No, I’m not recycling the best bits of 2011 like Jeff did. This is closer to Dale’s announcement that December is Read a New Book Month. Though I probably don’t qualify, since every month is Read a New Book (or two) Month for me. And it does kind of follow on after last week’s last-minute hint-dropping to Santa.
The old guy in red came up trumps as he always does: a total of five crisp new paperbacks now adorn my To Read shelf, and I hadn’t even got through what was already there. So that should see me nicely through to my birthday in a few months, by which time, fingers firmly crossed, a few more of the titles on the list I subtly left lying around the house in early December should have appeared in paperback.
But before I made a start on the new ones, there was one to finish. I was halfway through The Hanging Shed by Gordon Ferris. I don’t know if it’s available in paper form in the US yet, though Kindle-minded readers may already have discovered it; according to a prominent flash on the cover, it made number one in Amazon’s Kindle chart, and became ‘the word-of-mouth hit that left the others in its wake’ or words to similar effect – I don’t have it to hand, so the quote may not be exact, but that's the gist.
OK, I declare an interest. Gordon Ferris is another of my alumni. I published his first two, both of which will shortly be reissued by his new publisher, and this is the third. And doesn’t it make you feel good when as a former small indie publisher you see your fledglings stretch their wings and head for the big time?
Because, you see, that’s what it was all about for me. If I’m going to indulge in nostalgia for my brief career as a publisher (though less brief than some – small publishers rise and fall and often don’t even come close to the seven year mark) it’s not going to be for the money, of which there was very little; or for the fame, of which there was none at all. It isn’t even entirely about the books that sold out their first print runs and went into reprint. It might be, a little, for the year I was shortlisted for an award honouring women in publishing. The other shortlisted candidates were all people who had achieved something substantial for one of the big houses, and the eventual winner was a distinguished editor who was close to retirement, so I knew from the start I was never going to take the prize; but to be there, in that illustrious company when I’d begun from a point of almost no knowledge of the business, made me feel I must be doing something right against the odds.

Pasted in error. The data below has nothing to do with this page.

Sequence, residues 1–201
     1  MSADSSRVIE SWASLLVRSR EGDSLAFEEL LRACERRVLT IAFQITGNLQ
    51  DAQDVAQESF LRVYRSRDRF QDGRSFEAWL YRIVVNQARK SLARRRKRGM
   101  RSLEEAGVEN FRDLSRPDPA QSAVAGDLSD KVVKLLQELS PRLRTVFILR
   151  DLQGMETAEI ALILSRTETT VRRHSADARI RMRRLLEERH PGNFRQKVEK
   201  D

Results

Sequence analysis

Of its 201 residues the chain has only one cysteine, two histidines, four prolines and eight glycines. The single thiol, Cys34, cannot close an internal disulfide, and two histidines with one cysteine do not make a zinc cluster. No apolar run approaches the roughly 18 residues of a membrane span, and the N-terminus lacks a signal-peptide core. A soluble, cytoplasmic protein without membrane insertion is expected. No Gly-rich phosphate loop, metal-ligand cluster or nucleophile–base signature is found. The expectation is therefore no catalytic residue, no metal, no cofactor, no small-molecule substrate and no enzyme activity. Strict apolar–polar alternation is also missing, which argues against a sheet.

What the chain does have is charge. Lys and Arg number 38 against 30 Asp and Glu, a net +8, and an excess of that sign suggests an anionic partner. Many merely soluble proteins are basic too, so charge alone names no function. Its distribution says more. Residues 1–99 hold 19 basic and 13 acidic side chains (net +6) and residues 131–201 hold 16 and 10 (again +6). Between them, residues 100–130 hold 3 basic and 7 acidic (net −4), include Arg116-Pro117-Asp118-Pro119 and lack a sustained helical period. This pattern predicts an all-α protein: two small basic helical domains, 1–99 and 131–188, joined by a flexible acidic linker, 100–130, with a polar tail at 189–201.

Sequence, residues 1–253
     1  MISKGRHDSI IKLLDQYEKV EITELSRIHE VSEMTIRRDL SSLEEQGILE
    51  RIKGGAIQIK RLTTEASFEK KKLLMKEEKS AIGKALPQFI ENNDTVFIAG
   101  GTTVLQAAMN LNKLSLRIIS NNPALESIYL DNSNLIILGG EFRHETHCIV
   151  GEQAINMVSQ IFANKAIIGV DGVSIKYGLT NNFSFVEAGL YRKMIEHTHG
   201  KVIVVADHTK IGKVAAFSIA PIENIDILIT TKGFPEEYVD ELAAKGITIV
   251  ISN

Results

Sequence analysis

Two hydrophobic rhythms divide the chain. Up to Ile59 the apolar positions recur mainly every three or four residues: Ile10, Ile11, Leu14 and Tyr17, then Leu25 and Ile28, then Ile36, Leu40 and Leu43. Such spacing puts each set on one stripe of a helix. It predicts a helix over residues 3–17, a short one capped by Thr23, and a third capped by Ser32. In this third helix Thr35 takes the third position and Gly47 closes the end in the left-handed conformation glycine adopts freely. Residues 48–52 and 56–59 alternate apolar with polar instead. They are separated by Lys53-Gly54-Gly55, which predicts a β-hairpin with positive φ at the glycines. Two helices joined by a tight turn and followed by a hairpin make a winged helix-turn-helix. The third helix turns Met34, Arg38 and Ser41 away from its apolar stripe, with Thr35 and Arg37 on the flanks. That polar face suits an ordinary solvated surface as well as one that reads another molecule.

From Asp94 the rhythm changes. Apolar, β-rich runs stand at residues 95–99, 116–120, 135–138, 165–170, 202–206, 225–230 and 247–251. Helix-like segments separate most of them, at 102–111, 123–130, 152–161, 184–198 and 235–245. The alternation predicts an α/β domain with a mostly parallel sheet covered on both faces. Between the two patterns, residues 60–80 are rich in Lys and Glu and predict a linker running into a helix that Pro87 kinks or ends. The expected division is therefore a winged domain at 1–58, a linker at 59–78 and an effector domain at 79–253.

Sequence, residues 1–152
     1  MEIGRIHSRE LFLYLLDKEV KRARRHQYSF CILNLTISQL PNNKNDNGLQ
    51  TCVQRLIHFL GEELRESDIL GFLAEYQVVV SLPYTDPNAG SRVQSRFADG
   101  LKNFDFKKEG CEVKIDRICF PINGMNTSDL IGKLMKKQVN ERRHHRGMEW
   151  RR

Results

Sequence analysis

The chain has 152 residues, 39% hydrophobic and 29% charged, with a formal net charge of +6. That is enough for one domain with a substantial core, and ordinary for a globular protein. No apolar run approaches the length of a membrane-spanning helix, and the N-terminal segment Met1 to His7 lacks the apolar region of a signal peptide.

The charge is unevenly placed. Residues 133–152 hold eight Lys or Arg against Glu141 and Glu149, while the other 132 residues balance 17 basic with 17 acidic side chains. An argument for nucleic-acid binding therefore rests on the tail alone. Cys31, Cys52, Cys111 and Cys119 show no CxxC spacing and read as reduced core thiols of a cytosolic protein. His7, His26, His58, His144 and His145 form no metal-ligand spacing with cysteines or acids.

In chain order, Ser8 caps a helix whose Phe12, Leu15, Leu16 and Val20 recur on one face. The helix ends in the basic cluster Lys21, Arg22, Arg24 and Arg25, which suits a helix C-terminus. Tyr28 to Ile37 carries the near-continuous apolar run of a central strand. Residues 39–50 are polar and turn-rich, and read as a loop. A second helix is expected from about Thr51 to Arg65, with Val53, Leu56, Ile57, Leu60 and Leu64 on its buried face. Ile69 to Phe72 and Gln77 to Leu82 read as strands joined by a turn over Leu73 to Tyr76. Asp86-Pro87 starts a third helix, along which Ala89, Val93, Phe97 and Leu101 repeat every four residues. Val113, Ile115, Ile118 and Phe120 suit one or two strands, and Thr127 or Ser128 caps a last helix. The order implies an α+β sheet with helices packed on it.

But most of it, in fact 99% of it, was nothing to do with sales figures or Amazon ratings. It was about opening up a manuscript from the morning mail and realizing hours later that most of my to-do list for the day remained undone, because in my hand I had something special. Gordon Ferris’s first novel was one of those manuscripts.
Publishing is a business, of course, and sales figures had to play a part in my little set-up. Each book had to earn its keep, and unfortunately the lack of spare cash to spend on advertising campaigns and booksellers’ marketing fees meant that Gordon was one of several highly talented authors whose sales couldn’t justify a third title.
Unfortunately, that is, for me. For him it has proved a blessing. One of the reviews in the front of The Hanging Shed describes him as the next Ian Rankin; since the hero is a maverick, not a policeman, I’d go for a Scottish Lee Child, but you get the picture. When people start to say that kind of thing, other people sit up and take notice.
I have other alumni, several of them as deserving as Gordon Ferris and Chris Nickson (see last week), and I wait to see their rise to prominence.
Because for me, that’s what it was all about. We jokingly used to call ourselves the nursery slopes, where new crime writers tried out before heading for the big runs. And what do you know – sometimes it worked!